Wells Fargo Advisors has slowed the bleeding of its financial advisers that began after September 2016. That's when Wells Fargo & Co. revealed a scandal in its retail banking that resulted in the company being fined $185 million for opening accounts for a few million customers without their knowledge or approval — a public relations nightmare that also alienated some of the firm's advisers.
Over the first four months of this year, InvestmentNews tracked 24 moves and departures of Wells Fargo advisers and teams in charge of more than $5.8 billion in total client assets. Over the same period in 2017, InvestmentNews tracked 37 moves by Wells Fargo advisers leaving the firm, and those advisers carried roughly $8.5 billion in assets.
It has been a rough go at Wells Fargo Advisors since September 2016. Over the eighteen months ended March 31, Wells Fargo saw a 4.5% decline in its adviser workforce, falling from 15,086 in September 2016 to 14,399 at the end of March.
Wells Fargo has not stanched the bleeding completely. On Wednesday, Kestra Private Wealth Services, the RIA subsidiary of Kestra Financial, said it had recruited a team of four Wells Fargo advisers led by Steve Battel in Paramus, N.J., who oversee $300 million in assets. Earlier this month, a team of two veteran advisers, Irving Mindes and William Fedor, and two assistants managing $566 million in assets in Tucson, Ariz., left Wells Fargo to work at Baird Private Wealth Management.
One recruiter said it looked like Wells Fargo had gotten its arms around the problem of watching valuable advisers walk out the door after the banking scandal.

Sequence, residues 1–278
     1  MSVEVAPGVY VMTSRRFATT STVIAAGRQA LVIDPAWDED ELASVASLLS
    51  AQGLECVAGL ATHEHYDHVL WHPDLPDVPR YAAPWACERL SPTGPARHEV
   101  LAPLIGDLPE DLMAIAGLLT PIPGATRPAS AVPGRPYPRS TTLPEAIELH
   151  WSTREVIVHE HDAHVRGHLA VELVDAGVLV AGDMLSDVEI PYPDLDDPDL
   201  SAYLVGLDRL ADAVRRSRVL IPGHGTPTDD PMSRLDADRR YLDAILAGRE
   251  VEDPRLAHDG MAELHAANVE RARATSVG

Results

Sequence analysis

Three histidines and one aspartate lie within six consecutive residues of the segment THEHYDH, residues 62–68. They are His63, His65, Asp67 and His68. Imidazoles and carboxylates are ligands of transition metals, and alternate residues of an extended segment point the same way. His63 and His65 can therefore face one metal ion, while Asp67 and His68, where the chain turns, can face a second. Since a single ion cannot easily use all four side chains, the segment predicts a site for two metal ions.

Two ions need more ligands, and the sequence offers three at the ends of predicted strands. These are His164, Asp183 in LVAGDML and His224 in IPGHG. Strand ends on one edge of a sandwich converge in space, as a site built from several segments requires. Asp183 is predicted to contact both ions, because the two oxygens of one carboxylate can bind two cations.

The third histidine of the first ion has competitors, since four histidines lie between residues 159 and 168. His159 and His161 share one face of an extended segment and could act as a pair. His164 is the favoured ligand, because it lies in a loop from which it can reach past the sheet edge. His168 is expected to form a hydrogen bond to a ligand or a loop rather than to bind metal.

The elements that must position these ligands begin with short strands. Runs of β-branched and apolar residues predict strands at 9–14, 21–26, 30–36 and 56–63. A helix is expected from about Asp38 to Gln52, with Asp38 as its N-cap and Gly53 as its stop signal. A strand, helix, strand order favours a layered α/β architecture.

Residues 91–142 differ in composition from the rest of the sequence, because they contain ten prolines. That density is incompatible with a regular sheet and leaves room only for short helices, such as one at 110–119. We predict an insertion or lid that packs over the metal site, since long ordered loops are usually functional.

"It does seem like advisers leaving has slowed down," said Louis Diamond, vice president and senior consultant at Diamond Consultants, an industry recruiter. "The initial shock of everything has faded away. The advisers who were frustrated with the way the bank handled the situation probably left already."
But Mr. Diamond said reports Wednesday by the Wall Street Journal that Wells Fargo employees improperly altered or added information on documents related to corporate customers last year and early this year remained a hurdle.
Regardless, he was optimistic that Wells Fargo Advisors would ultimately get back on track and renew its focus on recruiting in the near future.
"I expect the tide to turn there," Mr. Diamond said.
Wells Fargo has pointed to a steady number of its advisers retiring over the past couple of years — 248 in 2017 — as a significant reason for its lower head count.
"Raw head count numbers are just one factor in our broader client-focused business strategy," wrote Wells Fargo spokeswoman Kim Yurkovich in an email. "Wells Fargo Advisors has been a strong recruiting firm with low attrition for many years. We don't believe sales practices issues have had a significant impact on FA attrition."